In a historic context, the care of the indigent and mentally ill was tasked to the church and Almshouses of which the quality of care varied greatly. With few regulations for the treatment of the residents, the Almshouses were rife with physical and mental abuse. In 1824, New York passed a law that established Poorhouses in each county. Each county was to purchase and designate land suitable for such a facility, with local and county taxes to cover operational costs.
Allegany County appointed superintendents to the poor and acquired a farm to build a poorhouse. 1 2 A two-story stone building, constructed in 1831 on a 180-acre farm, was located approximately two miles east of the county courthouse.
The poorhouse was not opulent. It contained 17 rooms for 70 inmates, none with beds and lined only with straw, warmed by stoves with no ventilation. 3 Two keepers were on-site and a physician was made available once per week.
By 1860, the county poorhouse housed an average of 57 inmates with the farm yielding about $1,000 per year in revenue. 1 2 The weekly average cost to maintain a resident at the poorhouse was $1.03, exclusive of the revenue from the farm. 3 There was one resident that was declared insane and kept in a cell, secured by an iron ball and chain.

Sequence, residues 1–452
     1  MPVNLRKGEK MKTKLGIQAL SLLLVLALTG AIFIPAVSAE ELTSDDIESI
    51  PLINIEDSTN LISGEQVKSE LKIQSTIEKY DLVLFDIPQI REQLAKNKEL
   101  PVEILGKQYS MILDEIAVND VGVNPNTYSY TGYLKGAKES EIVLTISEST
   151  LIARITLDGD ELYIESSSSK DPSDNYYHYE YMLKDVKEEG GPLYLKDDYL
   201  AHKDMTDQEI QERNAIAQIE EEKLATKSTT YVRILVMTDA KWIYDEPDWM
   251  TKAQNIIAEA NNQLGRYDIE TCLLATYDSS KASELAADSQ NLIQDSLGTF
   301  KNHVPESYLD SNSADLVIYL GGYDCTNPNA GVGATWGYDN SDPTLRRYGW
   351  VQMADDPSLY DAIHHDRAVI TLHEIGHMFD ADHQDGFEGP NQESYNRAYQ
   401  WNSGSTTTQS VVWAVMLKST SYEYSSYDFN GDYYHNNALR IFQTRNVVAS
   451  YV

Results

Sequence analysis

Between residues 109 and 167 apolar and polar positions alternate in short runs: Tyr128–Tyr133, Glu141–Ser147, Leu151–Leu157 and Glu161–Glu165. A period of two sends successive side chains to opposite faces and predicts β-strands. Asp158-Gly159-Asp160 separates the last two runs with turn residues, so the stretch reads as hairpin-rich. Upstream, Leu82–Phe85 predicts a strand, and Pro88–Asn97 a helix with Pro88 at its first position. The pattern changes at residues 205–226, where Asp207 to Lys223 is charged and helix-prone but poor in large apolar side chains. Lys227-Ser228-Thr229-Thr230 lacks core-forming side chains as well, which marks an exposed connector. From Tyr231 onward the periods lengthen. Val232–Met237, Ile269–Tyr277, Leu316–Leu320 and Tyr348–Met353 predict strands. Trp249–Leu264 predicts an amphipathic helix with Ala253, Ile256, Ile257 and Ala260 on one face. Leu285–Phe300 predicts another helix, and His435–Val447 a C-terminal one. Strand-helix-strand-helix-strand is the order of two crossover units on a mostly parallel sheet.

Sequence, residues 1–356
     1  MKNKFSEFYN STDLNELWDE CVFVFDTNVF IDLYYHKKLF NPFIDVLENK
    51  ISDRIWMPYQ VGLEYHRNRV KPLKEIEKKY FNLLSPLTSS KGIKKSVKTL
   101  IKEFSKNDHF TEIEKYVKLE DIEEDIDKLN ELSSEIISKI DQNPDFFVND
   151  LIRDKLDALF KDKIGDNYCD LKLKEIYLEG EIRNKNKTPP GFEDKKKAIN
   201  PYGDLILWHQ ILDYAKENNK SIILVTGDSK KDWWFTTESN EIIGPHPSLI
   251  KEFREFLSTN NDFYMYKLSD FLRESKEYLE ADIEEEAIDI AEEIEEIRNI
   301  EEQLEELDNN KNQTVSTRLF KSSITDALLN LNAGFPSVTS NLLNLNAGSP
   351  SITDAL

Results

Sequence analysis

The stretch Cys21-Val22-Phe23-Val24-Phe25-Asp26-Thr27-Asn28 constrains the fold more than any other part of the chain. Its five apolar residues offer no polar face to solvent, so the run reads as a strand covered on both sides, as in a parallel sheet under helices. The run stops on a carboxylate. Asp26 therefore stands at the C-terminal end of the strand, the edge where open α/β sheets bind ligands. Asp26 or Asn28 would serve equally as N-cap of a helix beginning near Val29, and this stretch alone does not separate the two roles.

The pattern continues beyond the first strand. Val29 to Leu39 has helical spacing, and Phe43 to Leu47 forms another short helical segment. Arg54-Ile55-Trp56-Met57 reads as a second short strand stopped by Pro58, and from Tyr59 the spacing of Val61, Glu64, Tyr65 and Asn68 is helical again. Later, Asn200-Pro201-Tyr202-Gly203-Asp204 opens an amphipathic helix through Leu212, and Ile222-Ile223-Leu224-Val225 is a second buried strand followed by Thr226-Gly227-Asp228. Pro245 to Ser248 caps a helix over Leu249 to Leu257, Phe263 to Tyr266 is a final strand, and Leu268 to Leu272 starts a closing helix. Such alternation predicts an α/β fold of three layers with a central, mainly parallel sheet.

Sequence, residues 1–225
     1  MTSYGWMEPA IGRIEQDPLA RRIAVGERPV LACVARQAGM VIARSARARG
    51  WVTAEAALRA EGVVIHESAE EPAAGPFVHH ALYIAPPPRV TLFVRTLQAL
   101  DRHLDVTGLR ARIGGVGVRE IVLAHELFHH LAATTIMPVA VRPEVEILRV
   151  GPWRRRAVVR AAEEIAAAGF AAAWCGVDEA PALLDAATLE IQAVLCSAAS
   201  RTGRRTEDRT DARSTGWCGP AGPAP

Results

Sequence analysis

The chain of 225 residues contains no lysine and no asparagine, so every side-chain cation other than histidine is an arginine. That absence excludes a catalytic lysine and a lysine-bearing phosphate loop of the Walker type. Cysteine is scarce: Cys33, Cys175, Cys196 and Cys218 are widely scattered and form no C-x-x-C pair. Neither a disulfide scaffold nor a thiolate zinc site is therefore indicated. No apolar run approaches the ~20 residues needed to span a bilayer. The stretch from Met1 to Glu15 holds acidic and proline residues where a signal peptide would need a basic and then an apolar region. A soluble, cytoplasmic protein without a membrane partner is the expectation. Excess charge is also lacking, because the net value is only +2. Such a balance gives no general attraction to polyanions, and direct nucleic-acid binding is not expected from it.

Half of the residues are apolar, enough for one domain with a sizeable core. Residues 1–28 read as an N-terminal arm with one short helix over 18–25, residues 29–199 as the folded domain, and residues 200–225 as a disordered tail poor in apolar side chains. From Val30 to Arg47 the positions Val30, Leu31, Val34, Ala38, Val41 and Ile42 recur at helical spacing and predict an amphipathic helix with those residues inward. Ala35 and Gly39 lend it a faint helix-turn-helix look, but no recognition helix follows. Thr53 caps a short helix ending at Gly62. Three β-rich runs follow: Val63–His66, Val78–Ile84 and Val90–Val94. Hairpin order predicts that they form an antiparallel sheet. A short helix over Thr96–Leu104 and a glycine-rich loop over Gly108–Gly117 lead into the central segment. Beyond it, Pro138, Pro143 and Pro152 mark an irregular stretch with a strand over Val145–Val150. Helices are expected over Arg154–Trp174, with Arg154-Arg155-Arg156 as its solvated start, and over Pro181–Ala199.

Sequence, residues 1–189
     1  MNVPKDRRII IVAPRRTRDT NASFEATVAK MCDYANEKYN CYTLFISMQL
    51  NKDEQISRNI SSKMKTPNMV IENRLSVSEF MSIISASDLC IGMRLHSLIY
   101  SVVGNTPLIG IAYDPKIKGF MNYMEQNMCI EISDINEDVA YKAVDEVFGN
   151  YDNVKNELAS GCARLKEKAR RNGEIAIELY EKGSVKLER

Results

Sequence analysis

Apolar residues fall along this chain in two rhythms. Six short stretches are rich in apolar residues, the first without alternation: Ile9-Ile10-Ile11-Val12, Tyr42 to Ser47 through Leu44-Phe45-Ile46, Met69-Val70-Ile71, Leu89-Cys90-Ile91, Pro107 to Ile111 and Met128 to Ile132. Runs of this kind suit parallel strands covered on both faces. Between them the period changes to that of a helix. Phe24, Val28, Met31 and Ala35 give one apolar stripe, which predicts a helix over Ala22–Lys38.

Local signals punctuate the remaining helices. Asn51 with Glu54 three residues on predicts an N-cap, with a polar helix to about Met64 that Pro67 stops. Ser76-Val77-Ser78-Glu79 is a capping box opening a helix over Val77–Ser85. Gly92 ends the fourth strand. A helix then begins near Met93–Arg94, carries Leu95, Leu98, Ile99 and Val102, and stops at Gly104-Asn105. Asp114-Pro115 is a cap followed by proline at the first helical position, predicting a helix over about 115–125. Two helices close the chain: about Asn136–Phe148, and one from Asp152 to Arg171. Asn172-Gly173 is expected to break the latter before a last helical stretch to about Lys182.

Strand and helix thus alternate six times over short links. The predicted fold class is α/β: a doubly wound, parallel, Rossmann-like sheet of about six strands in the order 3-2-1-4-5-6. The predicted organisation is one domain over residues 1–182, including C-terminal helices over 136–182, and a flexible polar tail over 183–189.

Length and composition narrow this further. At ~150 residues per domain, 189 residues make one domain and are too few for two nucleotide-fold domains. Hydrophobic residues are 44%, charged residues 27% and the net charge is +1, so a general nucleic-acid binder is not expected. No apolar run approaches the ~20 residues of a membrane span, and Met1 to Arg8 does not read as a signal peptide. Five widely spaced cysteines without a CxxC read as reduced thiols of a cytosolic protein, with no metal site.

The poorhouse caught fire in February 1923, 4 killing eight inmates and destroying the building. 3 The complex was rebuilt in 1924 and operated until the early 1960s. 4
- French, J. H. Gazetteer of the State of New York. Syracuse, R. Pearsall Smith, 1860.
- Minard, J.S. Allegany County and Its People: A Centennial Memorial History of Allegany County. 1898.
- “Allegheny County Poorhouse.” Art of Abandonment, 24 Jun. 2014, article.
- “Allegany.” Poorhouse History by County, article.